Editor’s note: Sen. Tom Coburn (R-Okla.) on Monday released a study that he said would achieve $9 trillion in deficit savings over the next decade. We look at parts of the proposal.

“While Americans are forced to do more with less, Congress is doing less with more.”

Those are the words of Sen. Tom Coburn (R-Okla.), as he took on his colleagues in one of the first chapters of his 600-page study, “Back in Black: A Deficit Reduction Plan.”

He notes that Congress’s own budget has risen 55 percent over the past 10 years, from $1.2 billion in 2000 to $2.3 billion in 2010, the highest level in the body’s history.

He pointed out that Senate staffs swelled “by nearly 25 percent, to 6,099 between 2001 and 2010.” On the House side, staff was up 11 percent, growing to 9,808.

One way that Congress should lead by example, he said, is by freezing its salaries for the next three years. Lawmakers currently receive pay increases calculated by formula, which meant a 2.8 percent pay raise in 2009. Such a system avoids the embarrassment of legislators having to vote themselves raises as they did in the past.

Coburn’s suggestion: “Congress should completely repeal the provision of law that provides automatic pay adjustments for members,” who currently make $174,000 a year.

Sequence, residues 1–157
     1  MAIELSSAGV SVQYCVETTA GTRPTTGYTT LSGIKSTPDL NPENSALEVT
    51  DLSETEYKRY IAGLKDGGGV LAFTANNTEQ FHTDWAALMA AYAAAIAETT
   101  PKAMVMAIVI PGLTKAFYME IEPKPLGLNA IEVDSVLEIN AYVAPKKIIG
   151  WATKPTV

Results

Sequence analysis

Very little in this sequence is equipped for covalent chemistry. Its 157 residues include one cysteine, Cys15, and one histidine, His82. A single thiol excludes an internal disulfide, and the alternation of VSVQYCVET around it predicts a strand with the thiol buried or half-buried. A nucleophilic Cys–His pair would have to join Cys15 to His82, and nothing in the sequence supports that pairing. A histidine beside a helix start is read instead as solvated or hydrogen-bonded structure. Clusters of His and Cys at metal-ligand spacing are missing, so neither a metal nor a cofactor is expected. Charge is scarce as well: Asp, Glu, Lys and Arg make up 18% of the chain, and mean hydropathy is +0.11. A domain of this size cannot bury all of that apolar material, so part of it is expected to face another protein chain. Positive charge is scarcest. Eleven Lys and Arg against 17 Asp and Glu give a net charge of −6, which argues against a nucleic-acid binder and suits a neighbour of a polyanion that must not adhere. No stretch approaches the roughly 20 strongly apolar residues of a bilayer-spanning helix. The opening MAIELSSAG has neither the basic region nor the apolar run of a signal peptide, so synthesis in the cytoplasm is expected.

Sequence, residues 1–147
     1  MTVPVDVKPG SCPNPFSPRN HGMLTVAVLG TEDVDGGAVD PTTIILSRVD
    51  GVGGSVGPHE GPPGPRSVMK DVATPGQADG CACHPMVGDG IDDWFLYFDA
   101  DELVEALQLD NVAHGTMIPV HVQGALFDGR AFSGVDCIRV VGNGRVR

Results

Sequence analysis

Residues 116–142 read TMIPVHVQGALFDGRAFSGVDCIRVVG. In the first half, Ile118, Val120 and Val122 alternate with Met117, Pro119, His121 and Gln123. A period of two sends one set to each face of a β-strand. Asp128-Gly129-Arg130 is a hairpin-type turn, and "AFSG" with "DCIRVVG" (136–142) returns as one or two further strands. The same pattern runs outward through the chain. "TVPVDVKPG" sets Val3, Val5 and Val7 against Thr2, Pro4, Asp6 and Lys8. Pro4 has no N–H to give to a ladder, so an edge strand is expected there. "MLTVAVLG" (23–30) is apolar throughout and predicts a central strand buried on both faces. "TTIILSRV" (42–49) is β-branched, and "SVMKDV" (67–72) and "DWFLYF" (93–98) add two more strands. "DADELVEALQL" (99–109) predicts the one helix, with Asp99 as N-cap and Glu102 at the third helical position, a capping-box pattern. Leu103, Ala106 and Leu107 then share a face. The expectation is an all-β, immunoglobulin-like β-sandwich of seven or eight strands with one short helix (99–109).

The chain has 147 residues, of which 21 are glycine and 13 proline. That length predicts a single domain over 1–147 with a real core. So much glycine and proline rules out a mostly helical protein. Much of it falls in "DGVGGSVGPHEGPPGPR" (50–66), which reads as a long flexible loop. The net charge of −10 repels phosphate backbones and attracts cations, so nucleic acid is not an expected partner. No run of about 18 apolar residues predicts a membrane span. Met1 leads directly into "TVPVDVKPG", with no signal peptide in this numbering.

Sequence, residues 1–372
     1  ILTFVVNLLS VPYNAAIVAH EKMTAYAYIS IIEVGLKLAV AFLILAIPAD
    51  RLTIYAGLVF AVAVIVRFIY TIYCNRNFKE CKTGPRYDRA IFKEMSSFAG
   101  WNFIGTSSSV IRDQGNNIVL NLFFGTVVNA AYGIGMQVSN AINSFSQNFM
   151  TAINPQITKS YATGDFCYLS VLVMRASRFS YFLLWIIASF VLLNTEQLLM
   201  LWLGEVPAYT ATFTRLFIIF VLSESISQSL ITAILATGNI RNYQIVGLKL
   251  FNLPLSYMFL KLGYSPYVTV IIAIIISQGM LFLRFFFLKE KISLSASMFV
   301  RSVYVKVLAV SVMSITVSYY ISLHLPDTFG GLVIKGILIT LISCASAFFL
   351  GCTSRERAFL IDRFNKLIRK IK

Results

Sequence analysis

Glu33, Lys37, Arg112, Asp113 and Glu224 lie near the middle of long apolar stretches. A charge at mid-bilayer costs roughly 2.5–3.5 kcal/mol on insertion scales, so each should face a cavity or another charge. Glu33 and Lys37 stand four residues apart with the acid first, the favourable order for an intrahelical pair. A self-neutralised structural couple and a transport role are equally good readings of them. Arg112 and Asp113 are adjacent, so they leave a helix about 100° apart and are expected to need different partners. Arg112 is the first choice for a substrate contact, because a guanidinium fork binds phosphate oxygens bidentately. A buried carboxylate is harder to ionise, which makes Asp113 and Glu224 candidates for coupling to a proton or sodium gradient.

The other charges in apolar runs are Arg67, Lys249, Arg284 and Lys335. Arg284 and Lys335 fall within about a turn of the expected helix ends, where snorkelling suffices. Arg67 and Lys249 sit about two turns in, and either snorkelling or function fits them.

Coburn also focuses on some little-publicized perks for congressional employees.

-Extra pay for staffers — above their salaries — in the form of student loan debt repayment. For House staff members, it is $10,000 a year up to a lifetime cap of $60,000; for the Senate, it is $6,000 a year, with a cap of $40,000. The total payments amounted to $18 million. The House Appropriations Committee apparently agrees. It cut out funds for the tuition program in its fiscal 2012 Legislative Appropriations Bill, citing “lack of ­authorization.” The Senate ­Appropriations Committee has not acted on the fiscal 2012 legislative budget.

- Lawmakers can give their staff members who use public transportation up to $230 per month. The funds come out of   a special account, not their budgets.

In the last 10 years, while Senate personal staffs were growing, primarily among those serving back in home states, and Senate committee staffs were also increasing, “oversight seems to have shrunk,” Coburn said.

He pointed out that “leadership offices” in both the House and the Senate had the “biggest rise in staff over the last three decades, more than tripling in size since 1977.”

Coburn’s suggestion: “Congress should consider reorganizing and consolidating its leadership and committee structure to ensure that it is designed to promote oversight, eliminate unneeded turf battles, and rationalize jurisdictions.”

The House committee cut the House leadership account by 6.4 percent.

Another Coburn suggestion may be on its way toward approval. The senator wants to cut off about $12 million a year in spending on the Open World Leadership Center, a project created in 2000 by Congress that sponsors exchange trips for political leaders and jurists from former Soviet states. Calling it a “noble cause,” Coburn said it should be shifted to private donors.

House Appropriations reduced the request to $1 million, saying   it should be “for shutdown ­expenses.”